Temple has a rolling admissions process and applications are reviewed as they are received and completed. Admissions decisions are made from late November to May. We recommend that you apply early, and applicants who apply by mid-January typically have the best chance of being admitted. We also recommend that you apply online through LSAC, although we will also accept applications that are sent to us through the mail.
No. There is no required course of study during your undergraduate years. You must earn a baccalaureate degree from an institution which is approved by one of the regional accrediting associations of the United States. As for undergraduate classes, there is no prescribed course work. It is more important that you take classes that are challenging and that interest you. It is also important for you to do well and get good grades. Some students find classes in logic, philosophy, writing, and history helpful. Each year, however, we accept students with a wide variety of backgrounds from liberal arts to engineering to physics to criminal justice – and this is just to name a few.
Yes. Temple Law School will accept the GRE for applicants who have not taken and do not plan to take the LSAT.
No. Temple Law School only accepts the GRE in lieu of the LSAT for applicants who have not taken the LSAT and do not plan to take it in the future.
If you are admitted to Temple Law School with a GRE score and, after admission, take the LSAT, the Admissions Committee will consider your new LSAT score and may re-evaluate and rescind your offer of admission and any merit-based scholarships awarded at the time of admission.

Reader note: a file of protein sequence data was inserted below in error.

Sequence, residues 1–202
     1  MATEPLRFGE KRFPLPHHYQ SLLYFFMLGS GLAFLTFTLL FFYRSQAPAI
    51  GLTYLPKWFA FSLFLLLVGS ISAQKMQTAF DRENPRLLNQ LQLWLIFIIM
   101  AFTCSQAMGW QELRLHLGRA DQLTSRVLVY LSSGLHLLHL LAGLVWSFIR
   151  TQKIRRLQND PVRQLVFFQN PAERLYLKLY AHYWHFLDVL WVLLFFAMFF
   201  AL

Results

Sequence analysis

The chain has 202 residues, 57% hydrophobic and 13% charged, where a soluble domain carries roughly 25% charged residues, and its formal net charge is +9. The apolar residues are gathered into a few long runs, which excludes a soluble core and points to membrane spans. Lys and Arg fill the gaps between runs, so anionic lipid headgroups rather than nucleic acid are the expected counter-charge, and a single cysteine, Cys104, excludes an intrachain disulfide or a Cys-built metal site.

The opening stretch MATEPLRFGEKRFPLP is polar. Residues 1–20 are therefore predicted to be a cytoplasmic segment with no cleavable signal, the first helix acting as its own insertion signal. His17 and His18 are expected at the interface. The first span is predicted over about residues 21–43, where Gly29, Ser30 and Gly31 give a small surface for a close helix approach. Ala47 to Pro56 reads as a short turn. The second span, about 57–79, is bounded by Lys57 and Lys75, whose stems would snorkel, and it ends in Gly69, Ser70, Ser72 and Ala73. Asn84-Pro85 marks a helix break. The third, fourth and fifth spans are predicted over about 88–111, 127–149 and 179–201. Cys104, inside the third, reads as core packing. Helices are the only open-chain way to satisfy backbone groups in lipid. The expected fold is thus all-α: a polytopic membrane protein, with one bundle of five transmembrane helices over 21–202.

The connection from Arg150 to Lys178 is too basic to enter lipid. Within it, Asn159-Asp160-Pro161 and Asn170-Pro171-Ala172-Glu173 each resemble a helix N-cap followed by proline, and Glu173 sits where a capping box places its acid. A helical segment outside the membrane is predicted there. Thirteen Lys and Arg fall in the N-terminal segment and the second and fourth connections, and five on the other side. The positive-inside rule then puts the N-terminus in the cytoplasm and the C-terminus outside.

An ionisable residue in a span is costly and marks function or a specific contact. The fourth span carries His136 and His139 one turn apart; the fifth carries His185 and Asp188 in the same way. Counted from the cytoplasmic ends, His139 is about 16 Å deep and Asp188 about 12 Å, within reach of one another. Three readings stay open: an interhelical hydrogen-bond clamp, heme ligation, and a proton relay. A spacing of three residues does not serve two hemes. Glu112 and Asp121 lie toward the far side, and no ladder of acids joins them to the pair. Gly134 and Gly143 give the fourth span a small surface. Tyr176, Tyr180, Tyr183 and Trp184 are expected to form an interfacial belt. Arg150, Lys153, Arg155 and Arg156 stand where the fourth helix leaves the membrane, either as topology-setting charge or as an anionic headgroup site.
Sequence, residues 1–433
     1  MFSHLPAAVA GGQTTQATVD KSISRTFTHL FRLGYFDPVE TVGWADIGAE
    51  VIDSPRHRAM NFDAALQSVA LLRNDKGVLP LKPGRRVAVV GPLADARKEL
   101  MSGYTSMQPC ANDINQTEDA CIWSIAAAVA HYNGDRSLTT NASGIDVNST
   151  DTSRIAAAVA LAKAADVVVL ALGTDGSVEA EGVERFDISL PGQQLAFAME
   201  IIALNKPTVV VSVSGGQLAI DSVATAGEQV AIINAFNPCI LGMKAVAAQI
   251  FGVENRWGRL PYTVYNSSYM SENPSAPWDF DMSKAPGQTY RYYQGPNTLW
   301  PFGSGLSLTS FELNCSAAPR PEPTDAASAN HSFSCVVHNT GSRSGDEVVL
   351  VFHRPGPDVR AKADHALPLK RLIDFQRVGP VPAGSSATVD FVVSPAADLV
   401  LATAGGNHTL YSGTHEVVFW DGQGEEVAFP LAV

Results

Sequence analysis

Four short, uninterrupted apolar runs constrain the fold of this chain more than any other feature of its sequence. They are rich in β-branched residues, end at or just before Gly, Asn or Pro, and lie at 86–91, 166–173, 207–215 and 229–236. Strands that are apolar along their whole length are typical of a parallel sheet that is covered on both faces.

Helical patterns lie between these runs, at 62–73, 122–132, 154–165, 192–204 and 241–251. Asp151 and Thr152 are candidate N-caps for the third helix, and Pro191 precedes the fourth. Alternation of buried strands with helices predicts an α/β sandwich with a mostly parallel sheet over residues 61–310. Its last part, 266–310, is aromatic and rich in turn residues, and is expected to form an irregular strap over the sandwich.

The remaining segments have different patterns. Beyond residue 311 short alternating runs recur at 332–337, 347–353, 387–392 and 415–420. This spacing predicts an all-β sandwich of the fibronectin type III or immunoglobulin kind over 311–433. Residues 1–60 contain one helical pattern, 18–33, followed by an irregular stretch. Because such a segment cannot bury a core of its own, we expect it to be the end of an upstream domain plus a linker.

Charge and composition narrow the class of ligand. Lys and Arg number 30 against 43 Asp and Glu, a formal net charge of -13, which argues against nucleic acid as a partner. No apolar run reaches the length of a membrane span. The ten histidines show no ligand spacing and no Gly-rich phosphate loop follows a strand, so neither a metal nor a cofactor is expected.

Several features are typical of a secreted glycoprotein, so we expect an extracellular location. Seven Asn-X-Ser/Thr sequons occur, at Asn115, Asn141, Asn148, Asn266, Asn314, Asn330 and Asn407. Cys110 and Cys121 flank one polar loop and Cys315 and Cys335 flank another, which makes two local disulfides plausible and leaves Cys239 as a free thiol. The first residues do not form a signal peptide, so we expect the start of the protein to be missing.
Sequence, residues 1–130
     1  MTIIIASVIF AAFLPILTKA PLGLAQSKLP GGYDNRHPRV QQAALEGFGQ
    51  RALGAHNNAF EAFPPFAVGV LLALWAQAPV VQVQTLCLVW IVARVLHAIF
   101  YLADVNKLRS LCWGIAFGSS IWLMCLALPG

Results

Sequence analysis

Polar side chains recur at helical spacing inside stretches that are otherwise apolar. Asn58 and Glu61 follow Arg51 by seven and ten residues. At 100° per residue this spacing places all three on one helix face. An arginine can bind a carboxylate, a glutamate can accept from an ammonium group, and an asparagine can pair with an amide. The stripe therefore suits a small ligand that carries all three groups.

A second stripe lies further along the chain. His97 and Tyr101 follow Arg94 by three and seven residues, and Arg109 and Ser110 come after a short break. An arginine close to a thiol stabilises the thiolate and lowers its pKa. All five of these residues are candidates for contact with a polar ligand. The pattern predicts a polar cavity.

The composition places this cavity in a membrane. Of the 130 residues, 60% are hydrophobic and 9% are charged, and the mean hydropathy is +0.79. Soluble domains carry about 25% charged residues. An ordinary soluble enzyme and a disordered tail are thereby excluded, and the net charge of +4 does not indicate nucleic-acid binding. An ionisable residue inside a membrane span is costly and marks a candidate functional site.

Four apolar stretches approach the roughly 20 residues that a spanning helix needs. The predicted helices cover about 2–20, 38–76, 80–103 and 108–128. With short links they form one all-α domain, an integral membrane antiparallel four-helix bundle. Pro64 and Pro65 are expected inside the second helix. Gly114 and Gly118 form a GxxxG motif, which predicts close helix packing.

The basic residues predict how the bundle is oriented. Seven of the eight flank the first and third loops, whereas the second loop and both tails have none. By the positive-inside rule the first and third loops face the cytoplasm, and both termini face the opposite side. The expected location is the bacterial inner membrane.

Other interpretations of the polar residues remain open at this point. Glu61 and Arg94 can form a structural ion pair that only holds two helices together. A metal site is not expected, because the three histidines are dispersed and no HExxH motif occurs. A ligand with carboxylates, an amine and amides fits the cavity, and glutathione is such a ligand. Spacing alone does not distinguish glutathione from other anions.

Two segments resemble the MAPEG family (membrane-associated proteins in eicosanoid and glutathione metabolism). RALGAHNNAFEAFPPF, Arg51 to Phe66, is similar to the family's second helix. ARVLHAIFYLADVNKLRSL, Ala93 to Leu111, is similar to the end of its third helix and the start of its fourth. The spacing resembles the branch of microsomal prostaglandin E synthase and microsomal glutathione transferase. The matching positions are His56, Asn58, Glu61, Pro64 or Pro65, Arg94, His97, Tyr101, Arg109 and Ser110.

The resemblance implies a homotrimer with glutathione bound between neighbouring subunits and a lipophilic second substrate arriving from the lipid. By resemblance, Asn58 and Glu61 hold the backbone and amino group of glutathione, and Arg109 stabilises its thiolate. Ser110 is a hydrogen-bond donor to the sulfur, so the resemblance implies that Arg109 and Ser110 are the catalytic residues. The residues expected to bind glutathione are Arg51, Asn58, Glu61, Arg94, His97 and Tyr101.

Temple Law School does not have a minimum LSAT requirement. Many students, however, are guided by the range of LSAT scores that were admitted in prior years. In 2021, the median LSAT score for the enrolled class was a 163. The middle fifty percent of the entering class presented LSAT scores ranging from 160-166.
While Temple does not have specific GPA guidelines, you may want to consider the range of student GPAs that were admitted last year. The median GPA for the enrolled class for 2021 was 3.60. The middle fifty percent of the students enrolled had GPAs that fell between a 3.41 and a 3.75.
Yes. The Law School does have a part-time evening division. The evening program normally takes four years to complete and students complete 3-4 classes per semester. Students may also choose to take summer classes, which are held in the evening.
No. The admissions criteria are the same for students applying to the evening division as they are for students applying to the day division. The same full-time faculty members who teach day classes also teach evening and cover the same material.
The Faculty Admissions Committee does not average LSAT scores and all scores from the LSAT will be considered. We do not use an index and admission to Temple Law School is not determined solely on numerical indicators such as the LSAT. If you have taken the LSAT more than once, and if there is a large disparity between your scores, we recommend that you address the disparity in a separate statement to be included with your application.
Diversity and work experience are certainly factors that the Admissions Committee considers in their evaluation. Temple prides itself on maintaining a diverse student body. Our concept of diversity is also broader than just race and ethnicity (although our entering class typically is made up of 30-35% of people from racial or ethnic minorities) and includes factors such as work experience, students from different parts of the country and students from diverse economic and educational family backgrounds.